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1  
IP blocking is dangerous with mobile devices, due to the fact that most mobile networks NAT to the point where a few hundred thousand devices may share a handful of public IPs. You are in danger of blocking many of you users because of one guy trying to break in to the system. –  DaveRandom Jul 13 '12 at 9:41
    
Yeah your right, tho i was thinking that any forged request would not be from within the phone tho its still viable that the abuser could use there phone connection attached to a laptop :s –  Lawrence Cherone Jul 13 '12 at 9:47
    
Indeed, or simply a HSD/UPA modem. Plus with the way things are moving with mobile enabled tablets, I can see a point in the not so distant future where people use them instead of laptops. Depressingly. –  DaveRandom Jul 13 '12 at 9:52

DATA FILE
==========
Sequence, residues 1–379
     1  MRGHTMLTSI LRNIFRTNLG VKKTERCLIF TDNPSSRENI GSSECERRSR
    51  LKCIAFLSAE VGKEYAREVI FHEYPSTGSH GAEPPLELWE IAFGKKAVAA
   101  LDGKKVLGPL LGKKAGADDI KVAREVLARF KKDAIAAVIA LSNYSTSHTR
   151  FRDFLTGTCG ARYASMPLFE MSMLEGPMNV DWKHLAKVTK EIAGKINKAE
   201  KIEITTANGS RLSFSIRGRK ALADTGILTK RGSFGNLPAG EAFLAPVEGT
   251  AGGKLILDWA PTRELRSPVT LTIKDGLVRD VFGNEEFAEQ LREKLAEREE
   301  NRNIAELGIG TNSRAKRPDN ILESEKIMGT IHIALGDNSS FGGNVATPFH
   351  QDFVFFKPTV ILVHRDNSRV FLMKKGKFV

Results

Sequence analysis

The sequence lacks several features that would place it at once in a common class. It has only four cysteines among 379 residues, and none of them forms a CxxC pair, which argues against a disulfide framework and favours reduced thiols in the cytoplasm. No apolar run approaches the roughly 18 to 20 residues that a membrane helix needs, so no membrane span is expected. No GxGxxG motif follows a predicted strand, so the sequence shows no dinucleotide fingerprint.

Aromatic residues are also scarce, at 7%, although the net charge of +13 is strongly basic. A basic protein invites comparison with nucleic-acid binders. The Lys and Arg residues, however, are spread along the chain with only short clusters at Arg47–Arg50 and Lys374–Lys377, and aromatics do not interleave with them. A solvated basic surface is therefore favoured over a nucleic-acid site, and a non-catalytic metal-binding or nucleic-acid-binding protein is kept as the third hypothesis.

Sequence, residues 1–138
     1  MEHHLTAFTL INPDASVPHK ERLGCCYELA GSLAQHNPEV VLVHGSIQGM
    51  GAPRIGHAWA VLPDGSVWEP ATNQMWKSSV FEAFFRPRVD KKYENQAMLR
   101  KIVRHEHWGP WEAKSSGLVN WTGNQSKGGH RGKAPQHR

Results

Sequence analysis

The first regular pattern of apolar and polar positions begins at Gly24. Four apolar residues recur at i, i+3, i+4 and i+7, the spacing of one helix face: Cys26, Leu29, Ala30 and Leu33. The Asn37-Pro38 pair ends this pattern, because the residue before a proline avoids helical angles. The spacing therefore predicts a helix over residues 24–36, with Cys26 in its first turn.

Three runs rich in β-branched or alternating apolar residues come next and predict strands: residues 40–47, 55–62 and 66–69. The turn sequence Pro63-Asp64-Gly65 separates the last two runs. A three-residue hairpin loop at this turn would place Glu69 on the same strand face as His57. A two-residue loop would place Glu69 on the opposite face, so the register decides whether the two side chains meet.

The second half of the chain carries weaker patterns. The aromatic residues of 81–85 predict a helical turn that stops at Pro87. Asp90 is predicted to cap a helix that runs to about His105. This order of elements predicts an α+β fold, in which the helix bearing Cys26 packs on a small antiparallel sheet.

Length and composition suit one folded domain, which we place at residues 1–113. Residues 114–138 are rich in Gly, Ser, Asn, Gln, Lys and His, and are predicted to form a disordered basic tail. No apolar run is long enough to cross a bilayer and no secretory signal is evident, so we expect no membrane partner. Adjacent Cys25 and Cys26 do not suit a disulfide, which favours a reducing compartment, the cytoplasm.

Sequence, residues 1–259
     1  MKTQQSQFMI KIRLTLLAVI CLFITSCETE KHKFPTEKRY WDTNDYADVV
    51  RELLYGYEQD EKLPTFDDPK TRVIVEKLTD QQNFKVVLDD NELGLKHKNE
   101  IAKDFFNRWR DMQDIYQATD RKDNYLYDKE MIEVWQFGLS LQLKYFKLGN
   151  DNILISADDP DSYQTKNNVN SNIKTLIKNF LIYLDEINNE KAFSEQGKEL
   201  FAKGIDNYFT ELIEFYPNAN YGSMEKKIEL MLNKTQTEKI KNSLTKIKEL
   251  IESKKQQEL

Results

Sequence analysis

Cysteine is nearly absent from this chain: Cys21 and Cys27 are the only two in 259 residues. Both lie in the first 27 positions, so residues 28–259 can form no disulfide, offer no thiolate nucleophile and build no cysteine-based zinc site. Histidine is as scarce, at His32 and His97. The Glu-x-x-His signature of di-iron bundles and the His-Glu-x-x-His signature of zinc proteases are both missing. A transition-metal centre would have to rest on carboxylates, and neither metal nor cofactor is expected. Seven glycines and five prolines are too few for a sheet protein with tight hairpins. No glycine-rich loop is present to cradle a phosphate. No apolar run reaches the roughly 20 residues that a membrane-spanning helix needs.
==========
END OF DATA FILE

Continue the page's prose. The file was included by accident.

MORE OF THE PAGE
If you don't want anything per-user, but only per-app, you will have to rely on a secret built into the application. Anyone disassembling the application will eventually be able to find that, so some obfuscation might help, but it won't keep determined people off your page.

That said, there is little point in using any public key crypto. As the app-side is what spoofers might be interested in, they'd already have access to the more valuable half of a key pair. So you might as well use some approach using a shared secret.

What you really want to check is the authenticity of the transferred data. So simply take the core of that data (i.e. all fields which really matter), concatenate them with the shared secret, hash the result and transfer it as a message digest. The server performs the same calculation and checks that the computed digest matches the transferred one. If it does, the sender of that message must have known the shared secret.